Sponsor: Robert Wood Johnson Foundation
PI: Craig Zimring
CO-PI: Ruth Dalton
Introduction:This project, conducted jointly with AAHSA, the major professional organization for non-profit continuing-care communities, conducted a survey of 400 retirement communities to record the presence and use of activity friendly design features and layouts. This study documents support for everyday physical activity in the design and programming of continuing care retirement communities (CCRCs). Most previous research has focused on younger adults. The research team conducted an online and paper survey with 398 communities to assess current physical provisions for everyday physical activity, physical activity-related programs and the funding and administration of physical activity-related programs; the overall response rate is 52 percent (398/759). The surveys were addressed to facility administrators, who were asked to direct specific questions to others in their facility as needed.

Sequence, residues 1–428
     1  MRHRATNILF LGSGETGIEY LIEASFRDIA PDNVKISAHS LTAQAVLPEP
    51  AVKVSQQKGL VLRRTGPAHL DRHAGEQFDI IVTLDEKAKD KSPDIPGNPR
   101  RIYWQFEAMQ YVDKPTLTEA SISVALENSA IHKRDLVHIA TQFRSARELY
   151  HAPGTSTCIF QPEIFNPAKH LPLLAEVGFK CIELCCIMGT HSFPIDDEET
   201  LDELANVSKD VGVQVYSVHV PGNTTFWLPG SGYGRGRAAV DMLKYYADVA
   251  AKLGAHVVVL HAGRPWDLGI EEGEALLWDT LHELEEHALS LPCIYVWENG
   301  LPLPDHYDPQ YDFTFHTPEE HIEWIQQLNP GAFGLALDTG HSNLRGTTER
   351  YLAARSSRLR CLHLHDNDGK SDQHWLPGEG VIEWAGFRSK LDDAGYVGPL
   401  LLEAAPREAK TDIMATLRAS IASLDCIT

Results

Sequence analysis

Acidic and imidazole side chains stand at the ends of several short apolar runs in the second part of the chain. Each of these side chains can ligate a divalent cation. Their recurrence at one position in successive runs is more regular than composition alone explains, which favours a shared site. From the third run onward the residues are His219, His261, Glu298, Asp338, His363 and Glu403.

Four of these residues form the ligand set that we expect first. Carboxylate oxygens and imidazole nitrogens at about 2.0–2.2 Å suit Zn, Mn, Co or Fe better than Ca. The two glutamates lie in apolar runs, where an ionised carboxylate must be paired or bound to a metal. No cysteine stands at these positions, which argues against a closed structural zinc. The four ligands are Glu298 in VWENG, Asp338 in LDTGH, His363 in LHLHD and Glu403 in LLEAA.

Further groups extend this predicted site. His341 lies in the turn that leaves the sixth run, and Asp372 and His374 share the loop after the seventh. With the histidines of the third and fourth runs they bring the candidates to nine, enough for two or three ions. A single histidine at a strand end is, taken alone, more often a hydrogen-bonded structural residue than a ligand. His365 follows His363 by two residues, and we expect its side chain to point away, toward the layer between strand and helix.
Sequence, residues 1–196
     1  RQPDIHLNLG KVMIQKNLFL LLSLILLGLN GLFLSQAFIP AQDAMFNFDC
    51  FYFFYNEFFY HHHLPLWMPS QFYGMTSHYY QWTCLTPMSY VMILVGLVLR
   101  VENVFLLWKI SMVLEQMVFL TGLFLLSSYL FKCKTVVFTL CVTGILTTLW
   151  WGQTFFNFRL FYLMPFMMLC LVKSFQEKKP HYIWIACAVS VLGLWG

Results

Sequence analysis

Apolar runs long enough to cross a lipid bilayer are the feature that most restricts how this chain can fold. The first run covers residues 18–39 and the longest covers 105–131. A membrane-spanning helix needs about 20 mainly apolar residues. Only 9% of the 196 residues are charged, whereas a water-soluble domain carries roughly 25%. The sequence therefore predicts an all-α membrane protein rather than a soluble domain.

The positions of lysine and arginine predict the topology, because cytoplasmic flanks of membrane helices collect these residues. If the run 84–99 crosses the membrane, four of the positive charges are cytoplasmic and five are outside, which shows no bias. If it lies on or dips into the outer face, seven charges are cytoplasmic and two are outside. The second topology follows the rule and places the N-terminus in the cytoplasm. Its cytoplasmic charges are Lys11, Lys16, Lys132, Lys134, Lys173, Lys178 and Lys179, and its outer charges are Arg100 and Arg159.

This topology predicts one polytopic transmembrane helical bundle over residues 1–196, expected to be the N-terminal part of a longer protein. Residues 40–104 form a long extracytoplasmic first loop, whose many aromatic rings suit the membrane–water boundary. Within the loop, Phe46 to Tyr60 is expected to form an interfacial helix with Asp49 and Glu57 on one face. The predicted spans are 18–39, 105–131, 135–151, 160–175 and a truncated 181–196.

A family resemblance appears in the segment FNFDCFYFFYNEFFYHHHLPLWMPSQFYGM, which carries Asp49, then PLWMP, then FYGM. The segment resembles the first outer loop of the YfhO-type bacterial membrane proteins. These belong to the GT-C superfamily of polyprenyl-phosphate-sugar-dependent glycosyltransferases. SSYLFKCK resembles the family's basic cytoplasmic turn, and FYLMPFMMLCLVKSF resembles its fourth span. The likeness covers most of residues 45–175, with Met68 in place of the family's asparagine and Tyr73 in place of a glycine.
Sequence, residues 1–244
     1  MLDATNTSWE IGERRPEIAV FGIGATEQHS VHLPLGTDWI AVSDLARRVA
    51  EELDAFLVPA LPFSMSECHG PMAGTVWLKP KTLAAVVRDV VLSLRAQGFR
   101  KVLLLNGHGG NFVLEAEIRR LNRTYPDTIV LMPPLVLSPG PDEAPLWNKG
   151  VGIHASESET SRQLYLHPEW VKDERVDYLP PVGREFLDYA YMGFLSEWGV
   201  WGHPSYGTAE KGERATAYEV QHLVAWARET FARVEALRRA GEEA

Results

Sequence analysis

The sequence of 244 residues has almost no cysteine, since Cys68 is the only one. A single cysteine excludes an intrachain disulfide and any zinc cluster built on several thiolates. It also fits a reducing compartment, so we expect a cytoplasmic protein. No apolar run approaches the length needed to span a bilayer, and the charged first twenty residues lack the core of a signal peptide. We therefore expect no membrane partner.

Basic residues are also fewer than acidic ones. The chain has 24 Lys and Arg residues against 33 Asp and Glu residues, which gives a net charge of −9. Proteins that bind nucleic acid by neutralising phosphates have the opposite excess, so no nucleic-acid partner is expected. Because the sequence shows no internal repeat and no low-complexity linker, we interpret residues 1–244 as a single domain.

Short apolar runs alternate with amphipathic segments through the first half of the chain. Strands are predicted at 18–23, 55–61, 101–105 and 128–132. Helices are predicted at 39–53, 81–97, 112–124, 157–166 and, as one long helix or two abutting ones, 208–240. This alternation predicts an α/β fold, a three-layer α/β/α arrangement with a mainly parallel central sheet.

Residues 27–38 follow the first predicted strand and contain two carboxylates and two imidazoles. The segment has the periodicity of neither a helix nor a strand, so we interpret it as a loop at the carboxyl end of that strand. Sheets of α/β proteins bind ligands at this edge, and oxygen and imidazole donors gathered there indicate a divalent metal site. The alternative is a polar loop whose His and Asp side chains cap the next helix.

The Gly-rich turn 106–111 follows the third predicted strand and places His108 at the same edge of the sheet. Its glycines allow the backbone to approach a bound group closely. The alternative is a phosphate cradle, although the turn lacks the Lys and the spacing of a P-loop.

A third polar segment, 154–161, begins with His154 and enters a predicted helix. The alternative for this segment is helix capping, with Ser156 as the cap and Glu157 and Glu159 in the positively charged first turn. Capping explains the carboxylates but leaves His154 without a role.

The data from the study show that most campuses are located either in suburban areas or in small cities, are less than 50 acres in size and are either entirely flat or are mostly flat with some gradual slopes. Half of all campuses surveyed are less than 30 years old. The campuses surveyed have many different types of outdoor features that support participation in physical activity such as walking paths, gardens, garden plots, swimming pools, etc. In addition, most campuses have supportive indoor environments with features such as corridors with seating every 30’-50’ and corridors with views to the outdoors. Few campuses (14%) have buildings specifically dedicated to physical activity, but many campuses have indoor physical activity facilities such as fitness rooms with equipment, multipurpose activity rooms and dedicated physical therapy rooms on campus. Based on the literature, it was hypothesized that the environment influenced participation in physical activity at three different spatial scales – at the level of the outside community, at the campus level and at the building level. We used the data from current study to explore relationships between environmental factors at different scales and participation in physical activity found to be plausible based on previous research.